Heads up, Disney lovers—your experience at the recently expanded Walt Disney World Resort in Orlando, Fla., is about to get a lot more technologically sophisticated.
The new approach, unveiled (and reported) formally earlier this month, hinges on Disney-branded electronic wrist bands. The bands, dubbed MagicBands, are part of a system that stores guests’ personal information and allows guests to wave their hands over sensors when they wish to access on-property hotel rooms or purchase something with a credit-card on file.
Like wireless toll collectors, the bands sport radio frequency identification (RFID) chips.
Overall, this system is called MyMagic+. It was met with mixed reviews earlier this month when spokespeople for the Mouse unveiled their master plans.
In one corner: Disneyphiles who love the idea of eliminating paper and applaud the notion of being able to book FastPass slots and seats for attractions electronically. In the other corner: Privacy nuts who openly question how and why the system allows the theme park to collect sensitive personal information, including names of guests both young and old, their purchasing and riding patterns and real-time location data.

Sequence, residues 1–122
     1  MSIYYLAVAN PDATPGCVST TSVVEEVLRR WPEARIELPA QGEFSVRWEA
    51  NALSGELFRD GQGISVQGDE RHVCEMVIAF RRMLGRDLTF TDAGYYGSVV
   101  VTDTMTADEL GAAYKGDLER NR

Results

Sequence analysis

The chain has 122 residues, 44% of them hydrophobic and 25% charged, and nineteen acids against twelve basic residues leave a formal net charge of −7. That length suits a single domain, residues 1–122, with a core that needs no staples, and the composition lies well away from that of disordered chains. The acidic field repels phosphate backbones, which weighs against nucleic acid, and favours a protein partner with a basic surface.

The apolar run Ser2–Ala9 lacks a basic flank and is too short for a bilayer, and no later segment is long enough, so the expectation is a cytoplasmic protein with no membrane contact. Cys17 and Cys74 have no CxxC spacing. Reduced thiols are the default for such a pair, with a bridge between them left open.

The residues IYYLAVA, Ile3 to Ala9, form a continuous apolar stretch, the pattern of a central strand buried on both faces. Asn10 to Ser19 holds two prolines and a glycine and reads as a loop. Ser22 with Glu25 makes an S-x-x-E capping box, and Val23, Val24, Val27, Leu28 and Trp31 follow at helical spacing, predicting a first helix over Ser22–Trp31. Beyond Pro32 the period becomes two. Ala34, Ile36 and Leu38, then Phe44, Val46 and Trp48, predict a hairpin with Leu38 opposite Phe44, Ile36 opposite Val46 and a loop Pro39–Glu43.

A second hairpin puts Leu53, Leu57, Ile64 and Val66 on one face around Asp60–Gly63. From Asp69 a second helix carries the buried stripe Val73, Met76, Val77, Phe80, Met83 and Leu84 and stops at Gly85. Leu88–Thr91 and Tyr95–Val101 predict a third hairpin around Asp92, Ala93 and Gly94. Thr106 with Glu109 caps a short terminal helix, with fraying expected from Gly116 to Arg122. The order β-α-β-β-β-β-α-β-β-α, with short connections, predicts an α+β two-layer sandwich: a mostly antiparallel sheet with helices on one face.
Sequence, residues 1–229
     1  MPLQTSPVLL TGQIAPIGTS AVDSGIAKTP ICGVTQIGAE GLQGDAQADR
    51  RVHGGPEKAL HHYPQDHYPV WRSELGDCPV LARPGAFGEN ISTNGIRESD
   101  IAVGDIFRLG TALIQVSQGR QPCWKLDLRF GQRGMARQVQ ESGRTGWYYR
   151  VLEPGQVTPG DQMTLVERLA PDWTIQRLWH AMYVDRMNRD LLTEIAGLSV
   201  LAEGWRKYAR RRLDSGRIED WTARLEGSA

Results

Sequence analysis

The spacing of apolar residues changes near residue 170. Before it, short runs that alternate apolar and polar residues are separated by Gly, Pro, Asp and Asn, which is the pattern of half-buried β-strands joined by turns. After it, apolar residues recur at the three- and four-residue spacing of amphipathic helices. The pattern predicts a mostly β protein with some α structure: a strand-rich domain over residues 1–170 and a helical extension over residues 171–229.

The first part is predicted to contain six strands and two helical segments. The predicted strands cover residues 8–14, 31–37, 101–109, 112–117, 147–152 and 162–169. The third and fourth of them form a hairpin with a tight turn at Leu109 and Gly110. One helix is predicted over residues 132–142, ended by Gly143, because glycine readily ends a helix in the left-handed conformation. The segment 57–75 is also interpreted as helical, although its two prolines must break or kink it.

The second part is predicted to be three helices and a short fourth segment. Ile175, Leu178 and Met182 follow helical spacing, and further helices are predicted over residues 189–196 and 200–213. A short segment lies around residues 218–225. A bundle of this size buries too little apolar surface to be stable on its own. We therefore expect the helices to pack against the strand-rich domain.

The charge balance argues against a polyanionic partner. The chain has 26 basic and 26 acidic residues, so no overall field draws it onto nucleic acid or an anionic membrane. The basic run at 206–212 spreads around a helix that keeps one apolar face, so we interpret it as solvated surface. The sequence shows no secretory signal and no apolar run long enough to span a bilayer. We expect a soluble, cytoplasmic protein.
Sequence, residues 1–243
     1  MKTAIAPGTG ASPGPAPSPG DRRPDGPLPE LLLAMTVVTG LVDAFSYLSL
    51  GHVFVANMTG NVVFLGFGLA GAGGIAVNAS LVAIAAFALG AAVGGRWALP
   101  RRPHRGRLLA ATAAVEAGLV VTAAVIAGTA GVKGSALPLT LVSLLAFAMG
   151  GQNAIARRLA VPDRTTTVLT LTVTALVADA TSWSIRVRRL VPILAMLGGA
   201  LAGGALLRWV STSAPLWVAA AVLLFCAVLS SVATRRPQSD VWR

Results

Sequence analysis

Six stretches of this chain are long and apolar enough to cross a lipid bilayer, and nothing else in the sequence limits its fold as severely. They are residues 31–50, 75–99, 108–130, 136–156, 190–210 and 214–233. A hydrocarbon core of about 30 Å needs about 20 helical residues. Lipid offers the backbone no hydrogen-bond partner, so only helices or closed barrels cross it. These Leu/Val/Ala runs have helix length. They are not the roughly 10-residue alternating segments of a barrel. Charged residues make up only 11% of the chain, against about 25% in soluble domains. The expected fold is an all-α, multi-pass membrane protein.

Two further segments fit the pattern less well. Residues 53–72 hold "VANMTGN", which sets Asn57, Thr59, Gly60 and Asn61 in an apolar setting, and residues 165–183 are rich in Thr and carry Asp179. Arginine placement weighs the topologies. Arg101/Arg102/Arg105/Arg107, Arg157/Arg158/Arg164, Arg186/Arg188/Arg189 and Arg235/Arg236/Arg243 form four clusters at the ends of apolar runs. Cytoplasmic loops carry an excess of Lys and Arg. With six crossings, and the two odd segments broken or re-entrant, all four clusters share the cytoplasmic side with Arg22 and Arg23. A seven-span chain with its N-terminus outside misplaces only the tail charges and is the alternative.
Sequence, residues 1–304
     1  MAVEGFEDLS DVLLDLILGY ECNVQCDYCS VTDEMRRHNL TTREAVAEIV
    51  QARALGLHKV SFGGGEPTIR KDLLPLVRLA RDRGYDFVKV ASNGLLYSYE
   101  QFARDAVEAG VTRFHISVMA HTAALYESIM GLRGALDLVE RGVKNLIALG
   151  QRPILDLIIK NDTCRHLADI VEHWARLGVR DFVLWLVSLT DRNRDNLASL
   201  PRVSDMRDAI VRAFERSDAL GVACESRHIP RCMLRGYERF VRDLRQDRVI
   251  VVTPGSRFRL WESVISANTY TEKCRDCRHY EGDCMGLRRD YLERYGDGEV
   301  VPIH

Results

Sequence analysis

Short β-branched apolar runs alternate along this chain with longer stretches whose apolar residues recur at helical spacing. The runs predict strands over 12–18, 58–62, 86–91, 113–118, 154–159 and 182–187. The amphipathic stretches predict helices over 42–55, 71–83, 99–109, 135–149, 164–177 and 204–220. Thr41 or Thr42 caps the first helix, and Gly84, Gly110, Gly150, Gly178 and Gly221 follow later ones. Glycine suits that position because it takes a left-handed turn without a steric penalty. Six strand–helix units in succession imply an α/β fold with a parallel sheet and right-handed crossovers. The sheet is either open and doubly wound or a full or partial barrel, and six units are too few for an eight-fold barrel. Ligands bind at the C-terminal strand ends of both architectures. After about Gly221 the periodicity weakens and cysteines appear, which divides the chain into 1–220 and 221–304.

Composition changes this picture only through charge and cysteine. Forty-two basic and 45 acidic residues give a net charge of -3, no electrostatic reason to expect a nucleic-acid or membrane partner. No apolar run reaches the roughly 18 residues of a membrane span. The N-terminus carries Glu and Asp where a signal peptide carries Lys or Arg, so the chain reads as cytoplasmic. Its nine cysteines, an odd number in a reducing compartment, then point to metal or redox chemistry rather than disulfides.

One thing is for sure: The system certainly cost Disney a pretty penny.
Analysts told The New York Times that they estimate the cost of installing the system, which will impact 60,000 employees and more than 100,000 guests every day, at somewhere between $800 million and $1 billion.
Also factored into this cost was a new part of the Disney World website, called “My Disney Experience,” which makes it fairly straightforward to manage MagicBand privacy controls for each member of a family (in case you’re one of those people who might be wigged out by Disney knowing stuff about where in its parks your kids might be, and what they do there).
Personally, my biggest concern about the bracelets revolves around practical, day-to-day wear-and-tear. As we all know, kids will be kids; undoubtedly they’re going to lose or damage the bracelets over the course of a three- or four-day visit to the park. Then what?
Disney spokespeople assured me guests wouldn’t have to worry; if a guest loses his or her MagicBand, the person can report it to any Guest Services Cast Member to have it disabled and/or replaced. Apparently, with MyMagic+, guests also will have the option of disabling the MagicBand themselves through their My Disney Experience account.
What’s more, because the bracelets are water-resistant, it doesn’t matter if they end up in the pool.
Is it creepy that Disney might know from its bracelet system (and which Disney characters they run to meet) that my daughters prefer Briar Rose to Snow White? I admit, it is. But the benefits to this new system sound pretty darn cool.
Next time we head east, I’m willing to suspend disbelief for at least a day to try it out.